Cyndi Lauper's post-
The '80s pop star has proved her resilience, yes, time after time. She was back in the limelight Sunday at
The Brooklyn-accent Lauper was as colorful as ever when she met with reporters backstage after winning her award.
Lauper recalled how she was approached to work on "Kinky Boots" with Broadway juggernaut Harvey Fierstein, the multiple Tony winner and nominee. We'll let Lauper take it from here:
"I had just come off one of those tours where you’re going out there bare-bones," she said. "It was in Europe, and I was on a doubledecker bus ... being thrown around in the back every time the bus turned, like a bushel of vegetables, almost like [an
"He called me and he said, 'I'm writing a book for a musical. How would you like to write the music?' " I said fine. That would be great."
The musical is based on the small 2005 movie "Kinky Boots," about a shoe factory owner who meets with an outsized entertainer.
"I had always wanted to work with Harvey, and he walked me through it. And maybe ignorance is bliss because I didn't think about it. I just saw the opportunity of what kind music I could do for those two characters...."
"I thought, 'They're going to the church of shoes, which I understand, not that I'm Imelda Marcos.' "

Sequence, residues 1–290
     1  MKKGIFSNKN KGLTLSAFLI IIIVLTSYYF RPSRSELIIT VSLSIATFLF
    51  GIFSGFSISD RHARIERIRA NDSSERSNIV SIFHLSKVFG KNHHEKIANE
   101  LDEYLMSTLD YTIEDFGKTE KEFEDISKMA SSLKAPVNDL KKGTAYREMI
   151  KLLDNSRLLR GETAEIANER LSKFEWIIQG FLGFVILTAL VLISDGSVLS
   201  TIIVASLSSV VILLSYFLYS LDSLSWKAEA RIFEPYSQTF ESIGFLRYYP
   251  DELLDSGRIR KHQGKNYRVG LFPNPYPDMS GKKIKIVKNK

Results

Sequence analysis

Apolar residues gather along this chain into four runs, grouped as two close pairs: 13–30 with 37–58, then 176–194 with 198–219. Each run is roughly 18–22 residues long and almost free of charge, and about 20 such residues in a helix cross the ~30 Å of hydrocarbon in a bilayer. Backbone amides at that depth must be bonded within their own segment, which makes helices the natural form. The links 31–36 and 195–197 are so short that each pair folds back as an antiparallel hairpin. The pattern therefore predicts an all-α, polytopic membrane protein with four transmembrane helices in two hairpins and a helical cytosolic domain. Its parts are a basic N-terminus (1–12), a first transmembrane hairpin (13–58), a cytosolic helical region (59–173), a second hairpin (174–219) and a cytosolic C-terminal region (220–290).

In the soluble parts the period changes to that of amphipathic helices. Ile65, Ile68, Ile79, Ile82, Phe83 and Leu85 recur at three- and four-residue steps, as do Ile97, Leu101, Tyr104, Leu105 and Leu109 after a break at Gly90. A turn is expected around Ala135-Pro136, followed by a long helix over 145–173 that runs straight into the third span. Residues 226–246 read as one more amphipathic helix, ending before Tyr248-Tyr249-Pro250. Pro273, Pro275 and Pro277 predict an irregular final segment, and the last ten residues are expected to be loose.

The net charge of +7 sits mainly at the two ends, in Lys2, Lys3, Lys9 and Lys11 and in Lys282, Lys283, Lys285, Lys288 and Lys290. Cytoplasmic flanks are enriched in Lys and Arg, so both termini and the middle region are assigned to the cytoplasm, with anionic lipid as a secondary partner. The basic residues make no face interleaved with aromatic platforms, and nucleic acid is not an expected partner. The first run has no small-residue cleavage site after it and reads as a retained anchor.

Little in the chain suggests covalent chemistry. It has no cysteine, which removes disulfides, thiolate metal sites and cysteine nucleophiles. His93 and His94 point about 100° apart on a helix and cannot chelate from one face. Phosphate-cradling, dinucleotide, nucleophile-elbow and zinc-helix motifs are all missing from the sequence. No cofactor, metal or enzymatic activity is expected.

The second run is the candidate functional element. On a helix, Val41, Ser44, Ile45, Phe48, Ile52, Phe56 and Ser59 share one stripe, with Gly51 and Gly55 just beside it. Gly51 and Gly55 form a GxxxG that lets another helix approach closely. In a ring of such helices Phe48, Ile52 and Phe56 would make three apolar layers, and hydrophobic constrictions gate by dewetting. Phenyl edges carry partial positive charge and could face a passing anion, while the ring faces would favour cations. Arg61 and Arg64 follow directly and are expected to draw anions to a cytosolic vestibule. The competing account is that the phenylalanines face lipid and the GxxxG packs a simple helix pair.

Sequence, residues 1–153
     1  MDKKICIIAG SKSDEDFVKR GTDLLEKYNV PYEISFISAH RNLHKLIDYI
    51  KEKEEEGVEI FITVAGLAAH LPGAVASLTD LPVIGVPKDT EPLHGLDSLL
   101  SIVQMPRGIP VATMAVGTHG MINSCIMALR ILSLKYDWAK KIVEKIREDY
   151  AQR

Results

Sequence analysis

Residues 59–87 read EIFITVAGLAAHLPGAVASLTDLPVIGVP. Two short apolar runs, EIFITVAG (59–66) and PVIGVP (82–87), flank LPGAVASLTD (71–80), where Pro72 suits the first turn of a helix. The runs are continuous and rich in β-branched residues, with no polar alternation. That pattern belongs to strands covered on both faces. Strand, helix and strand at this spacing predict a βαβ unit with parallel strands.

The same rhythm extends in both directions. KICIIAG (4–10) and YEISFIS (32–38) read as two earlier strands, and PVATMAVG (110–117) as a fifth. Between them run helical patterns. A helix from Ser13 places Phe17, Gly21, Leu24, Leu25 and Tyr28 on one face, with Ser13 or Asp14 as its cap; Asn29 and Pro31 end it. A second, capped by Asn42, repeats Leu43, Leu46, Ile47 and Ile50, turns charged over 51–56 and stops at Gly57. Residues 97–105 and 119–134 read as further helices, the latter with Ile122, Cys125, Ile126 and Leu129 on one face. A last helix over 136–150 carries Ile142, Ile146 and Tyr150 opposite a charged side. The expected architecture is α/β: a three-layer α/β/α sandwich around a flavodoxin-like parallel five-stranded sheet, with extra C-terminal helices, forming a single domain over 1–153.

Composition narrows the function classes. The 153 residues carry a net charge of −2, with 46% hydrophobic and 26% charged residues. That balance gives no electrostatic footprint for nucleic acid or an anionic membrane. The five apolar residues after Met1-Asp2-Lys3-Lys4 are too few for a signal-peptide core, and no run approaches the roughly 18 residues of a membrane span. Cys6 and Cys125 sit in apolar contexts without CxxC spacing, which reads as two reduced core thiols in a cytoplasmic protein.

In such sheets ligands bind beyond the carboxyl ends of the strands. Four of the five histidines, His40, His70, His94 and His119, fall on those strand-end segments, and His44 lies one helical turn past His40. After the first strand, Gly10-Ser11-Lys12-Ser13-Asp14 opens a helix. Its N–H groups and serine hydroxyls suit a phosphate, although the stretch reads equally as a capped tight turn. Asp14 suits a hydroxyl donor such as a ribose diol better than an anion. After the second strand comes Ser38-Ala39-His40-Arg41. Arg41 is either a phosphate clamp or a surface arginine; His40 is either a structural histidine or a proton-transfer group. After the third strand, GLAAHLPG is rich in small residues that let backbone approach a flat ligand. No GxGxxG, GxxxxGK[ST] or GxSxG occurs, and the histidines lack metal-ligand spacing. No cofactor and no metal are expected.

"I thought that this story was really bigger than me. You want to be involved in something that’s bigger. Maybe it’s like Dorothy. I click my ruby boots three times and say there’s no place like home, the Hirschfeld Theater and 'Kinky Boots,' there’s no place like home, Broadway and
"Diversity and acceptance has always made the city thrive, and that's what makes 'Kinky Boots' thrive, and that's what it's about diversity and acceptance and that's something worth rolling your sleeves up and toiling for no matter how many years.
It was pointed out to Lauper that she is the first woman to win a Tony for score on her own, without sharing with a man.
"I guess I'm the first woman, so maybe I'd do it for my mother and my grandmother who could not have careers, [and] for all the women that'll follow me, because there'll be lots of them...
"You go around the world looking for acceptance. You forget that all you've got to do is look in your own backyard."
Times staff writer Meredith Blake contributed to this story.
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